The audience was encouraged to contribute to the NISO strategic planning process by communicating with the Board. Some of Tennant’s recommendations will be voted on by the entire NISO membership.

Pat encouraged interested parties to attend a program from 4-6 on Sunday which will provide an update on other standards.

SUSHI: the Standardized Usage Statistics Harvesting Initiative

Tim Jewell, Head of Collection Management Services, the University of Washington, spoke on SUSHI: the Standardized Usage Statistics Harvesting Initiative and the work of the NISO SUSHI Working Group. Providing a brief historical backdrop, he described the Digital Library Federation (DLF) Electronic Resource Management Initiative (ERMI) which sought to define what electronic resource management systems ought to do. ERMI didn’t tackle statistics because COUNTER was working on that and they wished to avoid duplication of effort. ERMI II involves license expression and data dictionary revision.

Tim also provided a brief recap of COUNTER and its Release 2 of the code of practice for journals and databases. Release 2 has four required reports as well as optional ones that focus on journals. There are 3 reports defined for databases, and 5 for books and reference works.

Some of the problems involved with usage data include

  • The expanding scope of e-resources
  • The resulting proliferation of data
  • COUNTER is helpful, but
  • There is a lack of standardized containers
  • It is time consuming to pull the data together from the many different sources

Tim listed the members of the working group, both the founding members, and the newer members. He presented a slide which provided a graphical illustration of how SUSHI should change the current manual collection of usage data into an automated process. For some of the technical details, he handed off to another member of the SUSHI working group, Ted Fons of Innovative Interfaces.

Ted mentioned that a small group of stakeholders has developed a client-server model in which a client can request information from the server (the database aggregator or producer, or publisher). COUNTER’s XML schema wraps the SUSHI data. The goal is to get the data into the ERM. SOAP is involved because these are designed as web services. They kept it simple and light-weight.

There is lots of information on the SUSHI web site. The Journal Report 1 prototype is finished. A security wrapper will be added, and they plan to test with live data soon.

Next steps include:

  • Publicize the effort, and push for its adoption by data providers
  • Write a NISO “draft standard for trial use”
  • Hold a stakeholder meeting in the spring
  • Gather input, revise the draft into a real standard
  • Expand the effort to encompass other COUNTER reports

License Expression Working Group

The next speaker was Nathan Robertson of the Maryland School of Law. He talked about the work of the License Expression Working Group. The Publishers Licensing Society (PLS), DLF and NISO are cosponsors. The goal is to create a way to communicate license information back and forth. Currently you have to manually encode license terms into your ERM. They are trying to automate this process. You could then, for example, send encoded versions back and forth during license negotiations. You could use the process to communicate with an open link resolver, to communicate license terms to the end user. They are working with ONIX on encoding license values.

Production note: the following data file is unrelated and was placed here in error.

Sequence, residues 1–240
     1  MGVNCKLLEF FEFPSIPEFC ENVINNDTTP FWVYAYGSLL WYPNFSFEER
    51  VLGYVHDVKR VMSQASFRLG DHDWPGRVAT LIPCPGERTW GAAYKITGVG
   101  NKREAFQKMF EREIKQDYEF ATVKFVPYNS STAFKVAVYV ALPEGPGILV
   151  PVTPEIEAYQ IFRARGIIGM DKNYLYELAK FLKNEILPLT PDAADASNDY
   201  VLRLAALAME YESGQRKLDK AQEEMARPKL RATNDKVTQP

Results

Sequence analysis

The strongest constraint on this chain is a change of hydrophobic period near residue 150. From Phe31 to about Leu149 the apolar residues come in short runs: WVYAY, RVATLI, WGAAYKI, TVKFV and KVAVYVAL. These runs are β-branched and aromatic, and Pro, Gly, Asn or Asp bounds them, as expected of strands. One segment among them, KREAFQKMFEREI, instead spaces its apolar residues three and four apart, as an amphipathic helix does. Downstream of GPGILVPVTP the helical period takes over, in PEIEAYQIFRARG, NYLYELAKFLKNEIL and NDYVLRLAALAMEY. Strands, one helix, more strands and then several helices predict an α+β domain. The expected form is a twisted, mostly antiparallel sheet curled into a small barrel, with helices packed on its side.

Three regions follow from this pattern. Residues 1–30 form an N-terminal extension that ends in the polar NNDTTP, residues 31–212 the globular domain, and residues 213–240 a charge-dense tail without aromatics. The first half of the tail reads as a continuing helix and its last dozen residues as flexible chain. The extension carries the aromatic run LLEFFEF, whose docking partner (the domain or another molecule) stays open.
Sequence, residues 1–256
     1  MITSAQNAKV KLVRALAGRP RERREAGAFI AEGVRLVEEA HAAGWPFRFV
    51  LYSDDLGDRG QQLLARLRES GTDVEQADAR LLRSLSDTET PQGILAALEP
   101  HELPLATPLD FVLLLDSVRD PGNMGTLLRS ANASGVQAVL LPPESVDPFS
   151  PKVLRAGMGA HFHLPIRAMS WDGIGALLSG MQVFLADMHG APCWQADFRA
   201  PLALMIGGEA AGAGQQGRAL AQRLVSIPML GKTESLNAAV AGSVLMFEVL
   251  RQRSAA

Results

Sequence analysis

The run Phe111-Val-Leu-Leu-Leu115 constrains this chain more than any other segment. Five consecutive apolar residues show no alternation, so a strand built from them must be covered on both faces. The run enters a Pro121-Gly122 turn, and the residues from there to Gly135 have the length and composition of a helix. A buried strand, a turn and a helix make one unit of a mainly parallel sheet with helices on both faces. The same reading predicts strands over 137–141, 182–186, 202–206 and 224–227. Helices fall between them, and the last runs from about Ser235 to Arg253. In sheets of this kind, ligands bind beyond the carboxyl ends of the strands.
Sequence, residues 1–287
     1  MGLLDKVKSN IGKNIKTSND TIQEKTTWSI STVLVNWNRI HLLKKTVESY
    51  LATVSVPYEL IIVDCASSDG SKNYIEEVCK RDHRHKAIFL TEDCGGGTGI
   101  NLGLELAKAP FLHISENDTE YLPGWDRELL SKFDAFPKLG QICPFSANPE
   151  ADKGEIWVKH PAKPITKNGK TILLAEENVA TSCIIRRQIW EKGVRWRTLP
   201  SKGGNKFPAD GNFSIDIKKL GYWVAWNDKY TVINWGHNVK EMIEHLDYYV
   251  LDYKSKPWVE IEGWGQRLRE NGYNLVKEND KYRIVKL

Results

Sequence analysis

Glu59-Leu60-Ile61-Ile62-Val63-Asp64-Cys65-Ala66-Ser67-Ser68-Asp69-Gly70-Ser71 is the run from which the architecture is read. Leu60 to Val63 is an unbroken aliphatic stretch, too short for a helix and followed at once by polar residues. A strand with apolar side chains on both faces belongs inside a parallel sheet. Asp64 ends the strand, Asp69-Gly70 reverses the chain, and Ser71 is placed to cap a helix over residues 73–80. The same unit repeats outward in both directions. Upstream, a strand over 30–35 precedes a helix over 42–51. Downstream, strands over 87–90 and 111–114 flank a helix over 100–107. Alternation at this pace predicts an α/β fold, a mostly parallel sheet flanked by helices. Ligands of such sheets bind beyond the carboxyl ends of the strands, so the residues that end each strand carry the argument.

Robertson wished to make it abundantly clear that the working group is NOT building a rights expression language that could be used for purposes of DRM. Those systems begin with NO rights, and then only allow those specific rights that the provider wishes to allow. They are NOT DOING THAT.

They are only attempting to express exactly what the licenses say. Silence [in regards to a given right or area] means absolutely nothing either positively or negatively. Their system cannot be used to enable machine language type enforcement.

Their system includes rights statements in ONIX format. It covers ERMI and other things, but will be more granular than ERMI. The working group is evaluating existing licenses and identifying ERMI and other elements and deciding which need to be rigidly encoded in XML and which can be handled by notes.

RFID standards and Issues Progress Report

The next speaker was Dr. Vinod Chachra, CEO VTLS Inc and Chairman of NISO’s working group on RFID standards.

The objective of the working group is to look at RFID standards as used in the United States in regard to the following issues:

  1. Interoperability
  2. Isolation
  3. Privacy concerns
  4. Cost considerations (affordability)

  1. Interoperability: the goal would be to have an RFID tag for a book in one library work in another library, regardless of the vendor(s) or ILS involved.
  2. Isolation: application isolation is what they’re interested in; library tags should not set off alarms in the grocery or video store, or vice versa. Application “family” identifiers are used to tell the software what kind of place (library, grocery store, pharmacy) the tags belong to. Further, there are 2 zones: public and private. ISO groups are setting up 2 family identifiers for libraries, one for items that are checked out, and one for those that are not, since it is important to know which class any given item is in. Another way of handling this piece is to use a specific bit setting instead of separate family identifiers. But if some vendors do it one way, some the other, then there goes your interoperability.